Memory and Cognition in Seniors

  • Some memory lapses are normal parts of aging. Not every forgotten name is a sign that a person is developing Alzheimer’s disease or a related form of dementia.
  • Differentiating between normal memory lapses and a cognitive disease is difficult for people to do on their own. However, physicians have tools and tests to assist with this process.
  • Unlike normal declines in memory that come with age, Alzheimer’s and other diseases are characterized by gradually worsening abilities to work, interact socially, or understand what is appropriate behavior.
  • A person with Alzheimer’s is more likely to misplace items in inappropriate places, such as putting keys in the microwave, forgetting common words, or going through sudden and unpredictable changes in mood.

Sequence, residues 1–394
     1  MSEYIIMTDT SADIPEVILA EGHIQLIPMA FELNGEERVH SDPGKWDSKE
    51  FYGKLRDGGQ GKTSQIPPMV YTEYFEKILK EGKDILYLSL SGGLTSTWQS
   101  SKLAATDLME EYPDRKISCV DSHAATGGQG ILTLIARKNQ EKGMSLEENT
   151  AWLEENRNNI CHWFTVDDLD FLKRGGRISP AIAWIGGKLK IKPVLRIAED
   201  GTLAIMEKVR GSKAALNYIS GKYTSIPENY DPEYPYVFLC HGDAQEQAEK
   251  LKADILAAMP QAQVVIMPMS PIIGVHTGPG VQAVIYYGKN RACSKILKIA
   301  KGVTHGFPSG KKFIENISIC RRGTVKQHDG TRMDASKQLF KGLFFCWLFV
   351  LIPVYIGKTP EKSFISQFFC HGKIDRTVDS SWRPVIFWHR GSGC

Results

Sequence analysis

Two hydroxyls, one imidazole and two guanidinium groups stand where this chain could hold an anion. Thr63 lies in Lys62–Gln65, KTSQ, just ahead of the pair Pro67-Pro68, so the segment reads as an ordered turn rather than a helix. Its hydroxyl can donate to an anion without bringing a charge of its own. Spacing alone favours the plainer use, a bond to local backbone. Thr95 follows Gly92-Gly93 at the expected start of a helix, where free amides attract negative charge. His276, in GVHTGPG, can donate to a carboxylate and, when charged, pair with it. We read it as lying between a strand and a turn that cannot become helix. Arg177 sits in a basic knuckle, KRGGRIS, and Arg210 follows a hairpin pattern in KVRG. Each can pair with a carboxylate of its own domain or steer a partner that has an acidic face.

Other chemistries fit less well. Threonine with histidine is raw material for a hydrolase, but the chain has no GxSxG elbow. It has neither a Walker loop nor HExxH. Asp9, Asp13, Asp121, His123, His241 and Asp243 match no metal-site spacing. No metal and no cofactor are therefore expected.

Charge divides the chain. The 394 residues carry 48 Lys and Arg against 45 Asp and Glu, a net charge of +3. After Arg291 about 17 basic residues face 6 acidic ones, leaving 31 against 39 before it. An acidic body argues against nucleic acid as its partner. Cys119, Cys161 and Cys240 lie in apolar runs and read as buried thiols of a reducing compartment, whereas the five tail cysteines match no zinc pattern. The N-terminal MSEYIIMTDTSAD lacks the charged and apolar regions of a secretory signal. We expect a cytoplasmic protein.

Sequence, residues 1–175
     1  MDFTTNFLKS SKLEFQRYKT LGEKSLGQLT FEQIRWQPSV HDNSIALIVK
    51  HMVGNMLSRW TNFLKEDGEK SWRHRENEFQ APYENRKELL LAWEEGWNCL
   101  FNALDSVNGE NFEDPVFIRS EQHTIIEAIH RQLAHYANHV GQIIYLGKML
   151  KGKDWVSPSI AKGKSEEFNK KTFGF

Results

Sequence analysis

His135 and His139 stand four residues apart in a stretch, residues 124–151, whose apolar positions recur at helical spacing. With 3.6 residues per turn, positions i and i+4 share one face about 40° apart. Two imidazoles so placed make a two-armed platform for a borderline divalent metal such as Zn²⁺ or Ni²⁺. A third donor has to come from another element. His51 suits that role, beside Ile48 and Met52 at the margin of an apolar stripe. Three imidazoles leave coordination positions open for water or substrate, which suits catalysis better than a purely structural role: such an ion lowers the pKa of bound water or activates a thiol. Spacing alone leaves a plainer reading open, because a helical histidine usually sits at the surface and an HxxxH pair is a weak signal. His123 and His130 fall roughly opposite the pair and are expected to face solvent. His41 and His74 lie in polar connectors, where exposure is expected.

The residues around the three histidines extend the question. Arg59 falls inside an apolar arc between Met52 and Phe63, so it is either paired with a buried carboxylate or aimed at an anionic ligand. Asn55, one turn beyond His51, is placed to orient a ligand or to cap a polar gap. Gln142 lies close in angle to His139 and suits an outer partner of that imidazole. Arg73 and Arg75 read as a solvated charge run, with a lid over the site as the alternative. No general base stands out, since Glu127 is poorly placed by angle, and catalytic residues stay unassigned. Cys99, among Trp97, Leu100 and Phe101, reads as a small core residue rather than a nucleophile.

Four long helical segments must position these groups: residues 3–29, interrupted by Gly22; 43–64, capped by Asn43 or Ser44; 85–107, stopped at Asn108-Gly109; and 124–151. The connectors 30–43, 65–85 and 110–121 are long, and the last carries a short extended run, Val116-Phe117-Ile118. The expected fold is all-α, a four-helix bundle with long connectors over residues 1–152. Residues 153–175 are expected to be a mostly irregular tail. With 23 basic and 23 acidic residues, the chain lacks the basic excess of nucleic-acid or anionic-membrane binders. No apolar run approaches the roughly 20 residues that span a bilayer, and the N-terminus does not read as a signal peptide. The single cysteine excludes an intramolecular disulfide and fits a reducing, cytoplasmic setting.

• Alzheimer’s disease is the sixth leading cause of death in the U.S., and one in three seniors die having Alzheimer’s or a related dementia.
  • While there are no known disease-modifying treatments or cures, there are things that individuals and families can do to better cope with the diagnosis and remain connected to people and activities they enjoy.
  • While pursuing a diagnosis may be scary, talking with your family and doctor is critically important. For one, various conditions or medications can cause symptoms of memory loss and can be treated. Further, early intervention may play a role in combating one’s rate of cognitive decline.

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